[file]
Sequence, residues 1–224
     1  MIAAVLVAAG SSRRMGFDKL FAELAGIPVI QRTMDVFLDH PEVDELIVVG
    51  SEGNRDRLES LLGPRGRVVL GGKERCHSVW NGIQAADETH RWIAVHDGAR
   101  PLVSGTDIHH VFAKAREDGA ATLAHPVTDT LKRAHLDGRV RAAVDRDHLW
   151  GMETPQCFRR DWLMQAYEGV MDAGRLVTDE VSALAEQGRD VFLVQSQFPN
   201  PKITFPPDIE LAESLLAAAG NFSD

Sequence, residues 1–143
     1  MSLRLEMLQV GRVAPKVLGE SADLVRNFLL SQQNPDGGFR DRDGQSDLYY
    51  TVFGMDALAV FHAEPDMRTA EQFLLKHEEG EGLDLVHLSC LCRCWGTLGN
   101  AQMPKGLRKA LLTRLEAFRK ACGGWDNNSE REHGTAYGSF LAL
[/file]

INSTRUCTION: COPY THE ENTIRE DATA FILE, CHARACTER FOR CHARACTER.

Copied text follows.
Sequence, residues 1–224
     1  MIAAVLVAAG SSRRMGFDKL FAELAGIPVI QRTMDVFLDH PEVDELIVVG
    51  SEGNRDRLES LLGPRGRVVL GGKERCHSVW NGIQAADETH RWIAVHDGAR
   101  PLVSGTDIHH VFAKAREDGA ATLAHPVTDT LKRAHLDGRV RAAVDRDHLW
   151  GMETPQCFRR DWLMQAYEGV MDAGRLVTDE VSALAEQGRD VFLVQSQFPN
   201  PKITFPPDIE LAESLLAAAG NFSD

Sequence, residues 1–143
     1  MSLRLEMLQV GRVAPKVLGE SADLVRNFLL SQQNPDGGFR DRDGQSDLYY
    51  TVFGMDALAV FHAEPDMRTA EQFLLKHEEG EGLDLVHLSC LCRCWGTLGN
   101  AQMPKGLRKA LLTRLEAFRK ACGGWDNNSE REHGTAYGSF LAL